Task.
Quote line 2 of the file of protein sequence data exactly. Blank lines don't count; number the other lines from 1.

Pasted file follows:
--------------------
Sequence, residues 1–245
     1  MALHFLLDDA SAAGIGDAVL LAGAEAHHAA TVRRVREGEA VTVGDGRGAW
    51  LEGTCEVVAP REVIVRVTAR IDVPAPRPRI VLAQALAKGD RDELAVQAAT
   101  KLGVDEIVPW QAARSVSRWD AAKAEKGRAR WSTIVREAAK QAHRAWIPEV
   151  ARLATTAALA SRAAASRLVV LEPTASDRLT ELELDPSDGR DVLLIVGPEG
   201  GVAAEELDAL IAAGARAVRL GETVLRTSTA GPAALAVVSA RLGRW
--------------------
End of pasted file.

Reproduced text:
     1  MALHFLLDDA SAAGIGDAVL LAGAEAHHAA TVRRVREGEA VTVGDGRGAW